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Molecular programming

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Abstract: Moore’s law is pushing technology towards smaller and smaller devices, and quite soon we will reach the ultimate goal: devices made of single molecules. At that point we will need to engineer systems one molecule at a time, using tools of comparable accuracy. Molecular engineering is already in full swing, but that usually means building ad-hoc molecular devices that lack programmability.

Nucleic acids (DNA/RNA) encode information digitally, and are currently the only truly ‘user-programmable’ entities at the molecular scale. The fact that they have biological origin is incidental: they are just very handy engineering materials. DNA /RNA can be used to manufacture nano-scale and meso-scale structures, produce physical forces, act as sensors and actuators, and also to compute. They are unique in that they are both materials and carriers of information: they are programmable matter. Moreover they can interface to biological entities, with enormous medical implications: we will be able to detect and cure diseases at the cellular level under program control.

The (bio-)technology to create and manipulate nucleic acids has existed for many years, but the imagination necessary to exploit them programmatically has been evolving slowly. Recently, some simple computational schemes have been developed that are autonomous (run completely on their own once initialized) and involve only short, easily synthesizable, DNA strands with no other complex molecules. Since DNA computation is massively concurrent, some tricky and yet familiar issues arise: the need to formally analyze and verify molecular programs to avoid subtle deadlocks and race conditions, and the need to design high-level languages and compilers that exploit concurrency and stochasticity.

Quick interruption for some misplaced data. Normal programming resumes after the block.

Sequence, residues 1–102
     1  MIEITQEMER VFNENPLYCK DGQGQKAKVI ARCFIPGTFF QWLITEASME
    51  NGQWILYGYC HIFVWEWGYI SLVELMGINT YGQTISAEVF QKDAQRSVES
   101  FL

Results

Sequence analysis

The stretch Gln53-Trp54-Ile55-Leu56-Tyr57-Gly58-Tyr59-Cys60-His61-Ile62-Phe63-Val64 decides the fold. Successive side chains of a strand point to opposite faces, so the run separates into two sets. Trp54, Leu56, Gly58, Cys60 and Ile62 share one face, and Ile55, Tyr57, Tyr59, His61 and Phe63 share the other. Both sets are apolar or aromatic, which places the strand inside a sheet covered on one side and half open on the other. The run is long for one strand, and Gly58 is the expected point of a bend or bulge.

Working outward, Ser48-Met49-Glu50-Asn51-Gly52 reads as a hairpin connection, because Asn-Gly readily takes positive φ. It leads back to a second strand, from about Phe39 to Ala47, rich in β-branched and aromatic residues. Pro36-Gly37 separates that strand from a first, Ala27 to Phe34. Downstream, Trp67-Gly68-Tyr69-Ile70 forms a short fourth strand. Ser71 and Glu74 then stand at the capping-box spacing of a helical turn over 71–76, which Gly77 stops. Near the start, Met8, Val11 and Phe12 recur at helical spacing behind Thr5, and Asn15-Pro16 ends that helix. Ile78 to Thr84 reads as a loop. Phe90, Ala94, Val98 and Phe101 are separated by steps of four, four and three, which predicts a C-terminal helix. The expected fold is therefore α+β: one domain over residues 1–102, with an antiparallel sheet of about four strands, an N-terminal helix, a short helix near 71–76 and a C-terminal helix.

Molecular programming is the emerging discipline of designing and constructing molecular system that behave algorithmically, in carrying out computation, in forming physical and dynamic structures, or both.

Biography: Luca Cardelli was born near Montecatini Terme, Italy, studied at the University of Pisa (until 1978-07-12), and has a Ph.D. in computer science from the University of Edinburgh (1982-04-01). He worked at Bell Labs, Murray Hill, from 1982-04-05 to 1985-09-20, and at Digital Equipment Corporation, Systems Research Center in Palo Alto, from 1985-09-30 to 1997-10-31, before assuming a position on 1997-11-03 at Microsoft Research, in Cambridge UK, where he is currently Principal Researcher and head of the Programming Principles and Tools and Security groups.

His main interests are in type theory and operational semantics (for applications to language design, semantics, and implementation), and in concurrency theory (for applications to computer networks and to modeling biological systems). He implemented the first compiler for ML (one of the most popular typed functional language, whose recent incarnations are Caml and F#) and one of the earliest direct-manipulation user-interface editors. He was a member of the Modula-3 design committee, and has designed a few experimental languages, including Obliq: a distributed higher-order scripting language (voted most influential POPL ’95 paper 10 years later), and Polyphonic C#, a distributed extension of C#. His more protracted research activity has been in establishing the semantic and type-theoretic foundations of object-oriented languages, resulting in the 1996 book “A Theory of Objects” with Martin Abadi. More recently he has focused on modeling global and mobile computation, via the Ambient Calculus and Spatial Logics, which indirectly led to a current interest in Systems Biology and stochastic systems.

This talk is part of the Microsoft Research Summer School series.

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